For students who want to learn more about what the military has to offer, Layng provided information on contacting a recruiter.

“Don’t be afraid, if you are genuinely curious talk to a recruiter … you can probably get their contact [information] through the school or [the] recruiting office off El Camino [Real], past the 78 [freeway],” Layng said, “They’re always going to be friendly, they’re always going to tell you what’s what and if it is something you are really interested in don’t give up on the idea.”

While Layng’s military goals line up with her future aspirations of financial success, senior Grant Hughes hopes to fulfill dreams of the past in his military career. He had not always known that he would live his childhood dreams of flying planes through the military, but now that he has decided to join the marines, he loves the path he fell into.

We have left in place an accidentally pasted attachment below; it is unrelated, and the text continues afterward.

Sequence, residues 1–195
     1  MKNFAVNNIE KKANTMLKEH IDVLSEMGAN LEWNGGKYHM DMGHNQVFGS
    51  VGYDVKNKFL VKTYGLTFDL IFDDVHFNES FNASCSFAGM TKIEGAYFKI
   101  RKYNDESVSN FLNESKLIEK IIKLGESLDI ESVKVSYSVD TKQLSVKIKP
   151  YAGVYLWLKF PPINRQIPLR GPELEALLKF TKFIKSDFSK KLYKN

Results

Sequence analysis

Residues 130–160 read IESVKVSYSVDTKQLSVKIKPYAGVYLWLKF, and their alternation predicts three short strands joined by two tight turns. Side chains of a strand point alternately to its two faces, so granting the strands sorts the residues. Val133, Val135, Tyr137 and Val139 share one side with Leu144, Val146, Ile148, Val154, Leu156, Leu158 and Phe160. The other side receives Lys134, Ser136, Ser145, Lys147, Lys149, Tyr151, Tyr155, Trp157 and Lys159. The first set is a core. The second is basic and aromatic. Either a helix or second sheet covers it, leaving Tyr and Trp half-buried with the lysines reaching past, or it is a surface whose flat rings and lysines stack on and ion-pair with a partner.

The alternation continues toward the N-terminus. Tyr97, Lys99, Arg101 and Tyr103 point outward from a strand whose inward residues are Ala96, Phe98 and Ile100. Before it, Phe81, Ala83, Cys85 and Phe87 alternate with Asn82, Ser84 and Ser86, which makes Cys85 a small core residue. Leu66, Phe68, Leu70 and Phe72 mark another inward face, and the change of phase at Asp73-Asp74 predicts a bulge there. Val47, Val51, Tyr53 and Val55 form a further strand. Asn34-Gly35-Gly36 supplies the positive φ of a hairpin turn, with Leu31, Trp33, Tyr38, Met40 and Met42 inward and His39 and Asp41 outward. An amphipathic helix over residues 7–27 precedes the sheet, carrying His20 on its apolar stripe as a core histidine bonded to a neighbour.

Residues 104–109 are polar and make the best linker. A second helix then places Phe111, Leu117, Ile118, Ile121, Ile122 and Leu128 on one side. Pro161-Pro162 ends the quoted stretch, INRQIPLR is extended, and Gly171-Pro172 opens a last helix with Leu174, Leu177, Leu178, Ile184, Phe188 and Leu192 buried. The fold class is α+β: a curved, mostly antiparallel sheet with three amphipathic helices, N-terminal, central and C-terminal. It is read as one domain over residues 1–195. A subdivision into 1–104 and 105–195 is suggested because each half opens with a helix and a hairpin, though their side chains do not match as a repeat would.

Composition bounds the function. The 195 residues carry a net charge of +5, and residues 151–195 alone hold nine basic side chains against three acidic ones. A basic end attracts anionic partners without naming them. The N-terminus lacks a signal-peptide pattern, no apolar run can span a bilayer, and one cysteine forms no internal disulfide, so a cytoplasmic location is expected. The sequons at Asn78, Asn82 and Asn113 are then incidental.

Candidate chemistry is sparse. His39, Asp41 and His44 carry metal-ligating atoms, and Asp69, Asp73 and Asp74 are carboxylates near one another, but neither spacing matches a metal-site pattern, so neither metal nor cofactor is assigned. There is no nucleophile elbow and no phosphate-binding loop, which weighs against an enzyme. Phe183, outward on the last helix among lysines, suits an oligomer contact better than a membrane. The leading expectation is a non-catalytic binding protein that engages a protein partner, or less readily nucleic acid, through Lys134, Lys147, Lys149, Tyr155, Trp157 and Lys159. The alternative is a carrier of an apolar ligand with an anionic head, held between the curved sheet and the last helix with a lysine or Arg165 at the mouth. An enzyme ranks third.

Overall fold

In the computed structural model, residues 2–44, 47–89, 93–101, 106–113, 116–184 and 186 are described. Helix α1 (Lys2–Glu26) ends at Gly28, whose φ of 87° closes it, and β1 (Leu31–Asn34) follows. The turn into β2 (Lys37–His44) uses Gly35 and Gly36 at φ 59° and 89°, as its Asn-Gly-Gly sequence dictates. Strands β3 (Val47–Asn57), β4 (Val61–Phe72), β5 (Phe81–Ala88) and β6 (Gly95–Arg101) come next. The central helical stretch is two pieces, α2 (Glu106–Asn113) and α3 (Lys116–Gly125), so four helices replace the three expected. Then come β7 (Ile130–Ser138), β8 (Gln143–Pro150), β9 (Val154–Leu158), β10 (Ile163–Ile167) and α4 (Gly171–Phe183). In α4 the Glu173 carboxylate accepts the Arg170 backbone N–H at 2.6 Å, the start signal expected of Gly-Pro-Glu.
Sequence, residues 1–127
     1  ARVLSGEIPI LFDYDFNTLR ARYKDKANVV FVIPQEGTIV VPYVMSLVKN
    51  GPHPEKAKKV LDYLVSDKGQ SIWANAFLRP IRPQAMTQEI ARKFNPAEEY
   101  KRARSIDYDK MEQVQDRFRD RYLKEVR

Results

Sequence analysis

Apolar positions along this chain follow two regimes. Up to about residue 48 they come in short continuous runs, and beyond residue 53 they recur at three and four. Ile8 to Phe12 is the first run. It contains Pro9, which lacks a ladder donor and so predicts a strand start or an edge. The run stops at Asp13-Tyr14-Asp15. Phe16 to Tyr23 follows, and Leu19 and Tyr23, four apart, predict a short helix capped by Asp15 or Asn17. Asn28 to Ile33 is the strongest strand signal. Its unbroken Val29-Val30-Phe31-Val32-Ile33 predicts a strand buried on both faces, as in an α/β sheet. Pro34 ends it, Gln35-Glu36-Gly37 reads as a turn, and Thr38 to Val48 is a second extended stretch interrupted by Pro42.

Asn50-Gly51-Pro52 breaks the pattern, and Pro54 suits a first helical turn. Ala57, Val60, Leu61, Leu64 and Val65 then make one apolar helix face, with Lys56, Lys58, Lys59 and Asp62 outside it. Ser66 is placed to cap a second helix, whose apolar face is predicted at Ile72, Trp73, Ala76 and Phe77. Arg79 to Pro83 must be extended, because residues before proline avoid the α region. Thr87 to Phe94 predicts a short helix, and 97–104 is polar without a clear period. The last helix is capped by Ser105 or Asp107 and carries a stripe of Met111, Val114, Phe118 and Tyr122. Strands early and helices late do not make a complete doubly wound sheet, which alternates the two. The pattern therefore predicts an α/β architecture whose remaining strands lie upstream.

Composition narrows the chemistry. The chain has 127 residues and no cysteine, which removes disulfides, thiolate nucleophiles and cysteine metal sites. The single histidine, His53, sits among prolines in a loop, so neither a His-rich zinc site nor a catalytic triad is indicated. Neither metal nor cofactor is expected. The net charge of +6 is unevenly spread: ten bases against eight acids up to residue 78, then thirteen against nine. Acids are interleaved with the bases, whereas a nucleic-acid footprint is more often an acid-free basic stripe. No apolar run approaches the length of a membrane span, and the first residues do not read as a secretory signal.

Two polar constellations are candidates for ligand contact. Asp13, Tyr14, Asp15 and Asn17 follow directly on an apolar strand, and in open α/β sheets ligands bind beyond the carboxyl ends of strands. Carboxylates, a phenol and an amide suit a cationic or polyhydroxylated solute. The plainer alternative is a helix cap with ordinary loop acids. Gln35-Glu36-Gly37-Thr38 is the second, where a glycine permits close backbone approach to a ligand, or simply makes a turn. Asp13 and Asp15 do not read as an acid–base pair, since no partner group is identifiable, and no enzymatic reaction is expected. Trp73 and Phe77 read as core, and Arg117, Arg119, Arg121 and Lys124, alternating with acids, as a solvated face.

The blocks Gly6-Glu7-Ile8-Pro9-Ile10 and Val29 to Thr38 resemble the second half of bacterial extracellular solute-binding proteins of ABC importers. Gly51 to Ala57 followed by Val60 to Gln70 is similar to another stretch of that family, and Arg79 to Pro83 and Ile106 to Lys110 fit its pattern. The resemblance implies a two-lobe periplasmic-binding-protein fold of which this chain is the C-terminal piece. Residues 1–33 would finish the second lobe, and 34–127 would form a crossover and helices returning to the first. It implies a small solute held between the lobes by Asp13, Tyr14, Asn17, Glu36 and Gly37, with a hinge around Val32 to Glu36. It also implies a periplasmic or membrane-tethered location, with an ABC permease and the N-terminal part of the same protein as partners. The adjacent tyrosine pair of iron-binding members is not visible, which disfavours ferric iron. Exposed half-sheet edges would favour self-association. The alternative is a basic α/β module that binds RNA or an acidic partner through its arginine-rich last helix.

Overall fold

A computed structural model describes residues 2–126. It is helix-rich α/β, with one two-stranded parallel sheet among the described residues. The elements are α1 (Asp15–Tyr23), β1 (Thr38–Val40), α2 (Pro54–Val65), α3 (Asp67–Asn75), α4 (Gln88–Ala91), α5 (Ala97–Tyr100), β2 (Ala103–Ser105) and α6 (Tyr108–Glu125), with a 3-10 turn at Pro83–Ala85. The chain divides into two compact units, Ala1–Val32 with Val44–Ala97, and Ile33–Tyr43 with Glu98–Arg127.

“I always had a dream of flying and I was thinking [about becoming a] commercial airline pilot, but I started looking into the Marine Corps and it just … caught my interest,” said Hughes, “And now that I’m all signed up and ready it’s something that I love and can’t wait to do.”

Hughes is the first of his family to enlist and, like Layng, he has chosen to go into the Marine Corps. This decision came as a result of the research he did on the Air Force. What he found did not resonate with him like the Marine Corps did, and his path changed once more.